Debt is a dangerous and unforgiving master. The State of Tennessee should not become one of its partners.

Equal Pay for Equal Work?: And don't even talk about tying pay to performance.

It's a sad list.


Anonymous said...

Hi Kay. I don't know about the rest of your comments on TEA positions, but you are quite off base in your pre-K analysis. Opposition to the bill you mentioned, which gives priority to for profit schools, is not opposition to private for profit and nonprofit community classrooms providing pre-K. The overwhelming majority of non public school groups are opposed to this bill, while at the same time they support full collaboration between public school and community based pre-K settings.

Ginger said...
This comment has been removed by a blog administrator.
Kay Brooks said...

Ginger's post contained profane language. I don't allow that here. I removed it--typos or grammatical errors and anger are all the writer's.

Here's her post w/o it:

This is from my friend, a teacher who works in the Broward County School System in Florida:

Hey Tennessee listen to the [deleted] taking place in Florida. If your not already a pay for performance state fight like hell not to go to one.

It really troubles me that Charlie Crist (our newly elected governor) has christened himself the "People's Governor" and it will take a lot more than a canceled inaugural gala and marching in to "Ode to the Common Man" to convince me. Especially when he proposed to double funding from 147.5 million for public education that our previous governor Jeb Bush had allocated if schools participated in the STAR plan to 300 million. Broward County teachers union (thank god we have them down here) voted 97% against the STAR plan. Broward County is the sixth largest school district in the nation (17,000 teachers and 14,000 in the union) and 97% voted against it. Why would teachers do that if it was something that was a good thing? Pay for performance is not the way to go Tennessee and think long and hard before you let them railroad you with it. NEA, FEA are great but you should also try to organize by district and stand in solidarity.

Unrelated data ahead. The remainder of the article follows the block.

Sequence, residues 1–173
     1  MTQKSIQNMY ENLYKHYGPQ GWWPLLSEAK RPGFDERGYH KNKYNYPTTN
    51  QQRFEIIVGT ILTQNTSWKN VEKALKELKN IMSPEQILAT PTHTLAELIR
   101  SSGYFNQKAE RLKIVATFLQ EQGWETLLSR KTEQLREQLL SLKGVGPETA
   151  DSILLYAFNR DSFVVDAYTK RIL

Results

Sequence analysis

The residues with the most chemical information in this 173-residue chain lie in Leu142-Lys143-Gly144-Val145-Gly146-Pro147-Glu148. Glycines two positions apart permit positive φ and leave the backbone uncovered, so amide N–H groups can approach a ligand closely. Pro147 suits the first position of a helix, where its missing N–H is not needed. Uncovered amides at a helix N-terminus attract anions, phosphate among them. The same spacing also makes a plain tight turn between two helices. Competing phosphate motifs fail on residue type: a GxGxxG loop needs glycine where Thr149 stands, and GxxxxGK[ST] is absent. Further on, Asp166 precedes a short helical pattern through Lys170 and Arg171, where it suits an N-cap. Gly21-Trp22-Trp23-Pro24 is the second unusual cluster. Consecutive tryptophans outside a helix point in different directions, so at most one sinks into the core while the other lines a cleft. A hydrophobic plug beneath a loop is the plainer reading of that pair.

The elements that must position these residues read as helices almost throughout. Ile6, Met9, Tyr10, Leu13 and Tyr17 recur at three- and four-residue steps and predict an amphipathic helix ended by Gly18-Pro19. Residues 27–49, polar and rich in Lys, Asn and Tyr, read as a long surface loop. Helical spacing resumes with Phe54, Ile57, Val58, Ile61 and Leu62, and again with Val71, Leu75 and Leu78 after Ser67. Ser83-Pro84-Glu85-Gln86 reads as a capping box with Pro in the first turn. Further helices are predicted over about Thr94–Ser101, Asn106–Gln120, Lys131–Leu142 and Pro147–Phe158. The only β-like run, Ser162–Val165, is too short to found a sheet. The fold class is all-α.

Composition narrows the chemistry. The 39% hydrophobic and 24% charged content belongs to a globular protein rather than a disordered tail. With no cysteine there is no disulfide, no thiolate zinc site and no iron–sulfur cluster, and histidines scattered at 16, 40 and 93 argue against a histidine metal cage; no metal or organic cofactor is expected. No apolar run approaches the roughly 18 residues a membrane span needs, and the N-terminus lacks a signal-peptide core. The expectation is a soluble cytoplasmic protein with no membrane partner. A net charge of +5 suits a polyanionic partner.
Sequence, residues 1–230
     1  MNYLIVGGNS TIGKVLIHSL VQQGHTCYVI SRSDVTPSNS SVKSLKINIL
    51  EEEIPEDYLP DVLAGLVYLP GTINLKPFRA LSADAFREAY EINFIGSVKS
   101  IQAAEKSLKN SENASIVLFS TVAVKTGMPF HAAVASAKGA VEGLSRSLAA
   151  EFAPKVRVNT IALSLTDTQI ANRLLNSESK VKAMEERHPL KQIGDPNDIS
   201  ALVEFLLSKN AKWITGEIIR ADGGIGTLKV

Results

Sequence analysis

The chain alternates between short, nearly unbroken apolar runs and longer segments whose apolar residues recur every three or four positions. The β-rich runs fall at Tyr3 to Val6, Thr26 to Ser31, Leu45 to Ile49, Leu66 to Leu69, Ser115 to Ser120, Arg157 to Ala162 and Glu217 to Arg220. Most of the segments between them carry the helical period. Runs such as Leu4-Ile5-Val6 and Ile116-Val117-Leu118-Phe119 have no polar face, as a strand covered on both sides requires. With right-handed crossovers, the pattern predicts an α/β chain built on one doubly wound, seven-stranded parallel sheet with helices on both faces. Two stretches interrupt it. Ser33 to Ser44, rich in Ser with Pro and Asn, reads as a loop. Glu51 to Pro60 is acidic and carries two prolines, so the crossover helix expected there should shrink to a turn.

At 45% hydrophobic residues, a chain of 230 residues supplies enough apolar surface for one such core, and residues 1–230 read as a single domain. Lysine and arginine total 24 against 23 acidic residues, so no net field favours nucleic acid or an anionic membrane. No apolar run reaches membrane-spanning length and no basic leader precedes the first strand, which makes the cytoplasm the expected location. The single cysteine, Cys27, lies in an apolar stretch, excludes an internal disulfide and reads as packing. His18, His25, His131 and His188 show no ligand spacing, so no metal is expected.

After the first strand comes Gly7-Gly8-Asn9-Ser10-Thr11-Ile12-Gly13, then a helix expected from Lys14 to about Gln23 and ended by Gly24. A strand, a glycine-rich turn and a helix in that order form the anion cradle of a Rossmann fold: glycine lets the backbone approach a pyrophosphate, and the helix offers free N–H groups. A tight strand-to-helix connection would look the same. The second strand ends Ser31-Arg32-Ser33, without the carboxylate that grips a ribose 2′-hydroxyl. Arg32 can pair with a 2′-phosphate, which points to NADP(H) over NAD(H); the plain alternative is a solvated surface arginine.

I guess I am just gun-shy about accepting titles politicians bestow upon themselves. Jeb Bush honored himself with this title, "Education Governor" and then did everything he could to destroy public education. "Education Governor" Jeb Bush took a very important educational tool, FCAT (Florida Comprehensive Assessment Test) and used it as a weapon. Testing is supposed to be a diagnostic tool to help teachers find out the level their students are at, what they need to learn and finally how much progress they have made. Instead, the "Education Governor" held up how much progress they have made. Instead, the "Education Governor" held up students and teachers with this assessment and used it to pistol whip us. He tied everything to this ONE test -- student promotions and retention, school funding, teacher bonuses (in lieu of adequate salaries) and vouchers (public funding for private schools). Just a side note teachers in Georgia make about six thousand dollars a year more than teachers in Florida and the average cost of a home is South Florida is $330,000. Raise our [deleted] salaries don't implement bonus pay to increase teacher salary in Florida to where it needs to be. Florida ranks 47th in the nation in education funding and 29th in teacher salary and I may make more money based on what little Johnny scores on a test??? Go to [deleted]. That takes the control out of my hands and places it in the kids that float up on our shores from Haiti and Cuba and can't speak the language let alone take a [deleted] test. Pay us don't betray us. Sorry I went off on a tangent. At the same time, he had his infamous, "devious plan" he actually used that word a reporters mic was on and everyone raised their brows when that came out in the news. anyhow, this devious plan was to destroy the Class Size Amendment and his reign as "Education Governor" allowed the dropout rate to increase, ACT and SAT scores to plummet and graduation rates to decline.